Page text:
It is true he would just run off, but he always knew where he was. He never got lost. He had a purpose for all of his explorations. He was insatiably curious. But he was also amazingly competent. He knew how to get things done. He could destroy things fast. But he could put them back together too. (mostly)
He was driving a lawn tractor by the time he was six. He understood a lot about machinery and animals, and life in general. He was fearless. He was sometimes a bully. But he protected weaker kids from others if he wanted to. He was and is super sensitive and compassionate.
He had so many heart-stopping adventures I cannot list them here. Besides, I am still discovering some of the things those kids did back then. Some of them are almost unbelievable, like when Robert was 14 years old. He drove his younger brother and two of their friends to the movies in Mannasis in the pouring rain. Mannasis was 25 minutes away from our farm, down route #66, on a good day. I shudder to think of how dangerous that was, but they all survived. When Charley and I came home from the party we had been to that evening; the boys were all sitting in the TV room with their feet up, innocently watching a movie. I would never have known about their adventure except that Robert confessed to me the next day.
There are stories still being told about his antics. He painted the white truck black with creosote. He set the woods on fire with some friends. But they were able to put it out. Drove our cars all over the property, and put diesel fuel in my convertible from the farm tank. He once tried to cut the leg off of a sofa with an ax. He shot guns, drank beer, and tried to kiss girls at an early age. Boarding school was certainly an education in every sense of the word. He played sports and loved to go to parties, and he even studied when necessary. And he learned caution. (Finally) He became the designated driver for many of his friends. I suspect he saved a good many lives doing that.
Somehow he grew to adulthood and lived through all those early traumas. Even his college career was not predictable. He did not get into UVA when he first applied. So he went down to Charlottesville anyway, rented a house, and enrolled in Piedmont Community college. The idea was that he would transfer to The University of Virginia after two years. But by that time, he was tired of living in Charlottesville, and he moved on. Later he graduated from George Mason University in 1998. I went back to college there at GMU to get a degree in Psychology. Going to school with one’s son is undoubtedly extraordinary. Sometimes when walking across the campus, I would hear, “Hey, Mom!” and sometimes, we would get a bite to eat together. We both graduated in the same year though he graduated a semester ahead of me.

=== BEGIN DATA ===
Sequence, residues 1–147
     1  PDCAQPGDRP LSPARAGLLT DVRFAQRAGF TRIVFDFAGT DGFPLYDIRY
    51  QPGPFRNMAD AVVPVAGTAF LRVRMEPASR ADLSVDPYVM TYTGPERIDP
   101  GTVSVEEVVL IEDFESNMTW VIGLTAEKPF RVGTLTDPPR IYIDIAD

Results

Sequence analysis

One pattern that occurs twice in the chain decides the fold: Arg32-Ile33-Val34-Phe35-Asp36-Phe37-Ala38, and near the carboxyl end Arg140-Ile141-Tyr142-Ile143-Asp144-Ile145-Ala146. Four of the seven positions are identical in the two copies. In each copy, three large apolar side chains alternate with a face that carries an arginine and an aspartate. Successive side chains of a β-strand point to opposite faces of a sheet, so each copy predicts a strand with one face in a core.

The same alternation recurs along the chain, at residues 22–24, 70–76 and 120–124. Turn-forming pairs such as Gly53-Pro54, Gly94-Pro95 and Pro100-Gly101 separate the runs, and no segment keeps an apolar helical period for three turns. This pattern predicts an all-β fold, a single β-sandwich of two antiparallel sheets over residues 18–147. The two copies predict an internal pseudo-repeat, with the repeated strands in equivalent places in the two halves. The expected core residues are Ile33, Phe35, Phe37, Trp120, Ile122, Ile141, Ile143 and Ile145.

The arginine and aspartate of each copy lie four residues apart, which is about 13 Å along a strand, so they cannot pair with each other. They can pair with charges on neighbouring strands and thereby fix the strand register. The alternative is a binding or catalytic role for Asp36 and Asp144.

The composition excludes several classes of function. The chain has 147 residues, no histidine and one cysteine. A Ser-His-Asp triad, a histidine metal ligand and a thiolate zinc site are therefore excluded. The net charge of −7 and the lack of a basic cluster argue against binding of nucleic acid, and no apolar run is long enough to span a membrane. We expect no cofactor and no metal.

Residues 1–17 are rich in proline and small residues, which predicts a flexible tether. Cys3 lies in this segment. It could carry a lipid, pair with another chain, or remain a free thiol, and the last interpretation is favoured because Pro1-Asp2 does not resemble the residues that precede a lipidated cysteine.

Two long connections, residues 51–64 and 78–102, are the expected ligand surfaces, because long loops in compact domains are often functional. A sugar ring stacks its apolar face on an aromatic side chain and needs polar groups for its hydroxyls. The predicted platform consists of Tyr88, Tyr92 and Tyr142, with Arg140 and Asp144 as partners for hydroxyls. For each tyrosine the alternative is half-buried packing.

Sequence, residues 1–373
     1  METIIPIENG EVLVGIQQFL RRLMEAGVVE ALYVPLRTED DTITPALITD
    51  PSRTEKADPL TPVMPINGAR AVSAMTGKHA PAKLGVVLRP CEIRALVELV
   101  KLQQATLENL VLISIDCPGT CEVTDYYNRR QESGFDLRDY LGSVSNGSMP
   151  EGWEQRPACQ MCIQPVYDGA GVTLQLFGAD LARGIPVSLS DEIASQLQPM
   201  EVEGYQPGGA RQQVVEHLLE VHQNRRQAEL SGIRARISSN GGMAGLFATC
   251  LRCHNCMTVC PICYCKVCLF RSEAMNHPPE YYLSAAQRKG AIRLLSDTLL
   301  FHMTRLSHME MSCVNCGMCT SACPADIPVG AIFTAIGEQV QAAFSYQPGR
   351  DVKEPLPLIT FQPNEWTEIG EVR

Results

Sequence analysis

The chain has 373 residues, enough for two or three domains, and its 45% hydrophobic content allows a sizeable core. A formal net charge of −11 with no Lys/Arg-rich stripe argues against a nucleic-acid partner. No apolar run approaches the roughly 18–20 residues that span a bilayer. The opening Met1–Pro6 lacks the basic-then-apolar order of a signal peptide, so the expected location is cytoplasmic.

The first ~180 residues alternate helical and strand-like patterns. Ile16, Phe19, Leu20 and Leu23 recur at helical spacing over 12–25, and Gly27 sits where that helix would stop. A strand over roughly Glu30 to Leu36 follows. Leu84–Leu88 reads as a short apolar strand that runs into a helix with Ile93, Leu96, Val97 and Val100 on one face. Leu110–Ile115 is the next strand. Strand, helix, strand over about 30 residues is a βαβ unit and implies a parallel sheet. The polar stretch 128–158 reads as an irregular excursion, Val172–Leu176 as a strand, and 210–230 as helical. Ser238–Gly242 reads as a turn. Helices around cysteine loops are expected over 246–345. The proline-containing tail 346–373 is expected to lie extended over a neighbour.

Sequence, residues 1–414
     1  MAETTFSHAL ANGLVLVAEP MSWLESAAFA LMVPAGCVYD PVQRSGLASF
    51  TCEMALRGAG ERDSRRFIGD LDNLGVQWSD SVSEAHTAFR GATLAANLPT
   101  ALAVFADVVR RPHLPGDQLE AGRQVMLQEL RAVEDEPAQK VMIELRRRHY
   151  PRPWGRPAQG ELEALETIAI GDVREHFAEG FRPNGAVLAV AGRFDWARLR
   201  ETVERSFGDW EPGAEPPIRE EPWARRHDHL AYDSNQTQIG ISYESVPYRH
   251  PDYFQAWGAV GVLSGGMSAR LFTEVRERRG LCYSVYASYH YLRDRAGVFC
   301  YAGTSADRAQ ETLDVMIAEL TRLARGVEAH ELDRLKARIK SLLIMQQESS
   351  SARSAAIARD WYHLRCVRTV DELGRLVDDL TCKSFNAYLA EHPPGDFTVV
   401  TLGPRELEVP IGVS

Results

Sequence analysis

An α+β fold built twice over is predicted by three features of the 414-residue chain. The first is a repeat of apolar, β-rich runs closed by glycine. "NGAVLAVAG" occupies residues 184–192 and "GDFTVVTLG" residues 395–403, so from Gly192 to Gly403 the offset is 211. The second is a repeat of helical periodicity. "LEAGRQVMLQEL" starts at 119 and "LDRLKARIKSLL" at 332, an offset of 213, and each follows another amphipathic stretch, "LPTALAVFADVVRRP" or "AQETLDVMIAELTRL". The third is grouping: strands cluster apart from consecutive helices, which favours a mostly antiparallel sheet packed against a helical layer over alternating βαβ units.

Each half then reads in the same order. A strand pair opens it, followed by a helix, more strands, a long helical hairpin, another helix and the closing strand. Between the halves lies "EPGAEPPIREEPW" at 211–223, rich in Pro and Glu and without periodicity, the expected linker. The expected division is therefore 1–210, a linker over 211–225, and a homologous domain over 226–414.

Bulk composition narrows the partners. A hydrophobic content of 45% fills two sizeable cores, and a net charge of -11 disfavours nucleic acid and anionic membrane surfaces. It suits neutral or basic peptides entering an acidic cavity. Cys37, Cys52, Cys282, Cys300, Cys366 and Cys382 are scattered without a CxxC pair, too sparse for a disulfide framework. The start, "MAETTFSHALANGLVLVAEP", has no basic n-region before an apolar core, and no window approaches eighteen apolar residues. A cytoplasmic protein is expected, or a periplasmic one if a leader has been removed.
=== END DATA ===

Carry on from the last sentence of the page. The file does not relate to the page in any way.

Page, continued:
He is an entrepreneur. He has had ups and downs over the years. Do you have a Robert Redd shirt? Many people still love that brand. It will be back shortly, I believe. The story of Robert Redd is a part of who he is. Part fantasy and part history, it has shaped much of his life.
He produced the most loveable blond-haired, blue-eyed child. This angelic individual, whose behavior is exemplary, surprises all of us. I smile about this internally. How could it be that Robert, who caused so much anguish and fear for his parents, would have such a well-behaved child? He is a very organized and diligent parent, along with his child’s mother. They both deserve a lot of credit. Robert’s son, Jack, is our youngest grandchild.
He also has a dog named Uhtredd, after the hero of the series called The Last Kingdom. Uhtredd is the best dog! Robert is crazy about him. And so am I. Lucky for me the dog is marvelous. I see him a lot. It is lovely for me that my boy Robert now lives nearby. He is accommodating, and we help each other look after our dogs.
Can it be true that he is 50 years old today? I just cannot believe it. Happy Birthday, Robert. You make me very proud. I love you.
Copyright©. 2022 Bonnie B. Matheson